AVON PARK — South Florida State College’s full- time faculty and staff members will receive a one-time salary adjustment in December as the college’s state funding increases less than 1 percent.
The college’s 2014-15 budget, which the Board of Trustees approved Wednesday, includes a “non-recurring salary adjustment for all eligible full-time employees in December.”
The adjustment will be $500 for each eligible full-time faculty and $400 for each eligible full-time administrative, professional and career service employee, according to the budget, which notes that the college’s salary schedule does not provide an annual “step” increase or any other automatic annual adjustment for employees.
Board of Trustees Chairman Joe Wright said Thursday that the college will pay for the anticipated increase in employee health insurance.
“It’s a clean budget,” he said. “We don’t really have additional money coming in from the Legislature in a meaningful way.”
The college will receive an additional $133,231, but that includes $55,166 to cover additional costs related to the Florida Retirement System, leaving $78,065 in new state funding for annual operating costs.
But, despite the small funding increase, Wright said, “We need to stay invested in our people because our employees are our biggest asset.”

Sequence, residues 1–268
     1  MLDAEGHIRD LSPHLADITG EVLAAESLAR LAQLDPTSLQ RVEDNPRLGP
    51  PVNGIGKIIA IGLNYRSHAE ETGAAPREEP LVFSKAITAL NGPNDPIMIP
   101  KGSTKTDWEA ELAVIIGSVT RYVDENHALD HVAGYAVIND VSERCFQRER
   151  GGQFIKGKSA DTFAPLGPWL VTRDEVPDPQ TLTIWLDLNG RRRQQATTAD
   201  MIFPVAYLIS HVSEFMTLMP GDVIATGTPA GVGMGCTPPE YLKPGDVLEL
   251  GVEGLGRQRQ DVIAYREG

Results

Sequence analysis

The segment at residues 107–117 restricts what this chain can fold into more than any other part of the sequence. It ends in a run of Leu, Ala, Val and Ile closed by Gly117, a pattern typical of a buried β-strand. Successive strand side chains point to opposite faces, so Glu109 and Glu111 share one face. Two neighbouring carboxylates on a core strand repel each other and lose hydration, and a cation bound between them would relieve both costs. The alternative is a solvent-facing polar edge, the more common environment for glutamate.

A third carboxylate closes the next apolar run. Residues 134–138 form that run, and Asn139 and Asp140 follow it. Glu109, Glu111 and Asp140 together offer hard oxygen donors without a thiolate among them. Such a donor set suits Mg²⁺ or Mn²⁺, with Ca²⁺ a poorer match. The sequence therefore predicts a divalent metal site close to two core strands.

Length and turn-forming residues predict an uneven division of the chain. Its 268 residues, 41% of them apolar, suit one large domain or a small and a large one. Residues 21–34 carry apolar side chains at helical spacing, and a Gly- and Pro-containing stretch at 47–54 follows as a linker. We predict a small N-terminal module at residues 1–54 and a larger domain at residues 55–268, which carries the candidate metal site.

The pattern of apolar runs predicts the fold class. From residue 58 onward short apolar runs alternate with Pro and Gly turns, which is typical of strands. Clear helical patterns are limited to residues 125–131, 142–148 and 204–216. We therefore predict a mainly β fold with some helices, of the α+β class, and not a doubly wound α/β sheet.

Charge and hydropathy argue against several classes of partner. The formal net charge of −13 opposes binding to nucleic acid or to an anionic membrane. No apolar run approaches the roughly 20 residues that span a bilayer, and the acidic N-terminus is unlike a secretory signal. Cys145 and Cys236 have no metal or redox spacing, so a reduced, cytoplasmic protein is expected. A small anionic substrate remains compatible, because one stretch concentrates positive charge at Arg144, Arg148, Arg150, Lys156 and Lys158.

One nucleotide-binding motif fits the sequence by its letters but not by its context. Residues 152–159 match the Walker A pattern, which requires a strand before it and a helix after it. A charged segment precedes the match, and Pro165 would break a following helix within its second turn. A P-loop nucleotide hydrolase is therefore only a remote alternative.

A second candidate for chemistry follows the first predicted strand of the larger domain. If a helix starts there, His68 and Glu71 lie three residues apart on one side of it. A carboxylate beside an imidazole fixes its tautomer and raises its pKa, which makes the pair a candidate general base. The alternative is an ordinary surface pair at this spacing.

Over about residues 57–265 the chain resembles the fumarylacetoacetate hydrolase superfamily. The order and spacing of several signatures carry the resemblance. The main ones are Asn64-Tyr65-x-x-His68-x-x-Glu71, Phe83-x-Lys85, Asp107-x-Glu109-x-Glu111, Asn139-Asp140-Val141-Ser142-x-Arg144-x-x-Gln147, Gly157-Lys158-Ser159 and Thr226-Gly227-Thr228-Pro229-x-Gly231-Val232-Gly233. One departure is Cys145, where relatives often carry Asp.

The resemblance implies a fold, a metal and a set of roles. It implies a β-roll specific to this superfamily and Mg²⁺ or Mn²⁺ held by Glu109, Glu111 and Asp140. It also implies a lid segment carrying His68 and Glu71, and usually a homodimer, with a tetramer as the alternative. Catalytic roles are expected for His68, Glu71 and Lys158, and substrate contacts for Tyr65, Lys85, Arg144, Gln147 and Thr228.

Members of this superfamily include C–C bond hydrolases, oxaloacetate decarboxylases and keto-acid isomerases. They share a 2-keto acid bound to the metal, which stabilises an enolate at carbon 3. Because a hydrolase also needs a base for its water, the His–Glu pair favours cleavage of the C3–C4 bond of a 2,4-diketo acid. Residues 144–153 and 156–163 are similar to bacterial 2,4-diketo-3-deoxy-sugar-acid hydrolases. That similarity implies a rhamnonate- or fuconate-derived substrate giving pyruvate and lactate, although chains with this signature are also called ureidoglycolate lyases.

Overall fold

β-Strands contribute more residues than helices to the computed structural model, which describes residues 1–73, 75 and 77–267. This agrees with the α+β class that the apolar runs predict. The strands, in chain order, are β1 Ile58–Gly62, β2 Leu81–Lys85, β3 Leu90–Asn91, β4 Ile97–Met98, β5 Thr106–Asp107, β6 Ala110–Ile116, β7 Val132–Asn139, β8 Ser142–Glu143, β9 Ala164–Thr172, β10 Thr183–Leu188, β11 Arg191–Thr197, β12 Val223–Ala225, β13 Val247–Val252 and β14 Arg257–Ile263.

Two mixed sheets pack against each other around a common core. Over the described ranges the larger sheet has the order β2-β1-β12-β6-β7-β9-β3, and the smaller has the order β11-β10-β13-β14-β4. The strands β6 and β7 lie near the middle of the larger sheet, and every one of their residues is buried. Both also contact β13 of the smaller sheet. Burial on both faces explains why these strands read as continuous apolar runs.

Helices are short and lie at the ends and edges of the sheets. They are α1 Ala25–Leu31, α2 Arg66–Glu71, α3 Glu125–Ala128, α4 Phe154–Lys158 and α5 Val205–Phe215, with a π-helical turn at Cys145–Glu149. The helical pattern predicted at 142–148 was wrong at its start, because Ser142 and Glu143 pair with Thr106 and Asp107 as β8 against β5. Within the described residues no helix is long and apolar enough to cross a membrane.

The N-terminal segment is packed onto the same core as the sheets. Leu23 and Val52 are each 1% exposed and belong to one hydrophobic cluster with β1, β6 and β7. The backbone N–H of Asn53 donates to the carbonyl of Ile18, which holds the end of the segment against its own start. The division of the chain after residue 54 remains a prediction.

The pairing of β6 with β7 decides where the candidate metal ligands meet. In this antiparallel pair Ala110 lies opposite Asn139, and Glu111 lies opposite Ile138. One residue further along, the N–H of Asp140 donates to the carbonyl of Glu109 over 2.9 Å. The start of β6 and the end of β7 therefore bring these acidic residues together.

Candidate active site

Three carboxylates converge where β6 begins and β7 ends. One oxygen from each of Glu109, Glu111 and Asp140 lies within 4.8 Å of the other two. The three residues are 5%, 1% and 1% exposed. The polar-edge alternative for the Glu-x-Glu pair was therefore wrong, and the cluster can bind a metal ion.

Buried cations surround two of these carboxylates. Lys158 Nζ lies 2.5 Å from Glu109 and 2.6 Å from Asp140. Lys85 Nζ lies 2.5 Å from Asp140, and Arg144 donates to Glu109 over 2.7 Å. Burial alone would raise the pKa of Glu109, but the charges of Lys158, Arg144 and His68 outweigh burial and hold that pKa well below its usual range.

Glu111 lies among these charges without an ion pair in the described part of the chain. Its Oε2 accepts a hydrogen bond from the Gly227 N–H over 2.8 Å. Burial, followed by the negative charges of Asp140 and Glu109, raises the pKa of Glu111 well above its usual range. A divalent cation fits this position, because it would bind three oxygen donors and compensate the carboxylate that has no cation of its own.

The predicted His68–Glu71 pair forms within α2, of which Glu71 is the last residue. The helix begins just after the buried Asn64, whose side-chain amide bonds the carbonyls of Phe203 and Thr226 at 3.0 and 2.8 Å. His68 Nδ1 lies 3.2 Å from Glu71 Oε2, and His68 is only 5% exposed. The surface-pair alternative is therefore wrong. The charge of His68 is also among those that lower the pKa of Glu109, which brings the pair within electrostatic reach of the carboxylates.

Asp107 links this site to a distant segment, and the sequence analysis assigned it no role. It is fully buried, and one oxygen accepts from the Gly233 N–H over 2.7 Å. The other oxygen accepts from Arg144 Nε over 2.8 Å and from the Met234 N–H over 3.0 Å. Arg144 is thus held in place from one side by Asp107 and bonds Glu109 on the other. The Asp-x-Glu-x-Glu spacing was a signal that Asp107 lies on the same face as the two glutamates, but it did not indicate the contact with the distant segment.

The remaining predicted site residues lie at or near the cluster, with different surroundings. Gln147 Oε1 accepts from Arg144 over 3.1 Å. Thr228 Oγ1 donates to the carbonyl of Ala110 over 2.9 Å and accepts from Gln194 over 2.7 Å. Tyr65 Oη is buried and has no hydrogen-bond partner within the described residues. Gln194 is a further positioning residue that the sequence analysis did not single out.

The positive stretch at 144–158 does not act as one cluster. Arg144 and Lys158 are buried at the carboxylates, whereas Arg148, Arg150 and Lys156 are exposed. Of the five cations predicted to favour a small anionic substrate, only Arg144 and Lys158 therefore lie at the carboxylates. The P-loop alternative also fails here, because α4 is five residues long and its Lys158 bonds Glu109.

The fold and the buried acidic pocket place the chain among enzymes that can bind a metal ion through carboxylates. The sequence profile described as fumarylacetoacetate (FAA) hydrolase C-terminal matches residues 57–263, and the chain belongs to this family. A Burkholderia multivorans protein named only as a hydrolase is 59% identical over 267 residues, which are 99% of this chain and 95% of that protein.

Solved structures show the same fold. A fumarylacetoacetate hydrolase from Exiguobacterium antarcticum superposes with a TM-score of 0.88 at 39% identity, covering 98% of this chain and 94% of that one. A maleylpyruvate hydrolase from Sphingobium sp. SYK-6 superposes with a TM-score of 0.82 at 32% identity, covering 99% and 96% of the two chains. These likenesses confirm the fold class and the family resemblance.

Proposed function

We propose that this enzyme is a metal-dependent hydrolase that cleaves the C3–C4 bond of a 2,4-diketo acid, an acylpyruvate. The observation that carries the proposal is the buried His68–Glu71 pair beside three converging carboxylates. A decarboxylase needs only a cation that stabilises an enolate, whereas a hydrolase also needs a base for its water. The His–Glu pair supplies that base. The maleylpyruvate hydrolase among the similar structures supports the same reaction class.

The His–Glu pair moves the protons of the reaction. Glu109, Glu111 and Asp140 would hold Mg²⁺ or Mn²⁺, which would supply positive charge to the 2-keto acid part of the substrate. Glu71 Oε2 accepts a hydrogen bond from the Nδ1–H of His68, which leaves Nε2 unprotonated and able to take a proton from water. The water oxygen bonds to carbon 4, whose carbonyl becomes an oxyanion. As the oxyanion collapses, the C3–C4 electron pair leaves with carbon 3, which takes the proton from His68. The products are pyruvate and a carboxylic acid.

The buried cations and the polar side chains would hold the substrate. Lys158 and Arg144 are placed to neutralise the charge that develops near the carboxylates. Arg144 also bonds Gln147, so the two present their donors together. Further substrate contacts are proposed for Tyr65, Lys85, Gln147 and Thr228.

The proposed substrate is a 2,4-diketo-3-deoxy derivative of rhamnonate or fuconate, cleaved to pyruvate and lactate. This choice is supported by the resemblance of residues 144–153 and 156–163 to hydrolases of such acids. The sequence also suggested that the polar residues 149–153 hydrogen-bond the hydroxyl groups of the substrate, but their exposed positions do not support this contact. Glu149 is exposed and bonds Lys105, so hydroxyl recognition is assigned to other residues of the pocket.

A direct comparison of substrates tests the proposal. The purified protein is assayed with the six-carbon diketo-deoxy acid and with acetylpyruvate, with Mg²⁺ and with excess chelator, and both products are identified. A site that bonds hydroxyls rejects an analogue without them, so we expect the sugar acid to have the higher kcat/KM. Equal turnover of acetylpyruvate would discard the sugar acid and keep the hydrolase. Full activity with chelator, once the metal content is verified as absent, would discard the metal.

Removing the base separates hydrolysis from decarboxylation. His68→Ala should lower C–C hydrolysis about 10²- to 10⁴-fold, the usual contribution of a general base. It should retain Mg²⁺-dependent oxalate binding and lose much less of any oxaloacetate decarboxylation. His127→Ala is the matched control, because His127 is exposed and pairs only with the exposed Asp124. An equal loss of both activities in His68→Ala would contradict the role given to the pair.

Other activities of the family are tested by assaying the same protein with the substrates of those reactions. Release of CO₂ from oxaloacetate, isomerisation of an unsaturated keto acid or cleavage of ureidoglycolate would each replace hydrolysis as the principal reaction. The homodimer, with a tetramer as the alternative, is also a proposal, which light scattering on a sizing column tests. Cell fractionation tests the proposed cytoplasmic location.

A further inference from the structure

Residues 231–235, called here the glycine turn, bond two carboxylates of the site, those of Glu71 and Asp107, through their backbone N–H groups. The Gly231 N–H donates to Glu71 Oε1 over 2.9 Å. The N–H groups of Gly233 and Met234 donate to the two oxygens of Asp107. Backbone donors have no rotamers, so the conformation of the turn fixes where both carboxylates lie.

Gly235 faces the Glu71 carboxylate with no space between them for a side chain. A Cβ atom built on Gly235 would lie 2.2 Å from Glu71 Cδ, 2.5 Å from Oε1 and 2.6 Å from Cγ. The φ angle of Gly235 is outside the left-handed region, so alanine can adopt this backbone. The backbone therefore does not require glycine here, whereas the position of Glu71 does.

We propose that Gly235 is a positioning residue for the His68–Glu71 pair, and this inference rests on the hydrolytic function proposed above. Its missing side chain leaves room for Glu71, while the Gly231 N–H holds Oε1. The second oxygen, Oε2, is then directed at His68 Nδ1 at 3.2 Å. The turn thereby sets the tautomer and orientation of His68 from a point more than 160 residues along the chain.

There is a realization that the overall economy will have to improve before the college receives additional resources, he noted.
Wright is optimistic about the college’s enrollment.
“We hope that we are on the verge of seeing some real increase in enrollment growth,” he said. “We have actually budgeted the cost for that enrollment growth, but we really didn’t budget the income for that.”
The budget shows a projected 2.94 percent enrollment increase from 2014 to 2015 after five years of declining enrollment, but Administrative Services Vice President Glenn Little explained that most of that falloff in enrollment was due to legislative changes related to adult education.
The changes required some fees and higher out-of-state fees for those who don’t meet the Florida residency requirements, which has driven some people away, he said.
But there is a bill going to Gov. Rick Scott that would eliminate that requirement, Little said. “We are hoping that will increase our FTE [enrollment] even more dramatically over the next couple of years as those students start coming back.”
Enrollment is measured in the number of Full Time Equivalent (FTE) students.
The college’s FTE peaked at 2,887.6 in 2010. The 2014 FTE is 2,227.7 and is projected be 2,293.15 in 2015.
The 2014-15 personnel budget includes the following:
A temporary reduction of one full-time faculty position (auto collision/repair at the DeSoto County campus) for the upcoming year due to retirement and the need to increase student enrollment within the program.
Replacement of two faculty who left during the 2013-14 year (nursing and computer Networking).
An increase of two new full-time faculty for the two new baccalaureate degree programs, which begin in the fall term: bachelor of science degrees in elementary education and nursing.
The budget notes that, as requested by Scott, the Legislature approved no tuition increase for the Florida college system.
The 2014-15 budget, with total operating expenses of $22,688,396, runs from July 1, 2014 through June 30, 2015.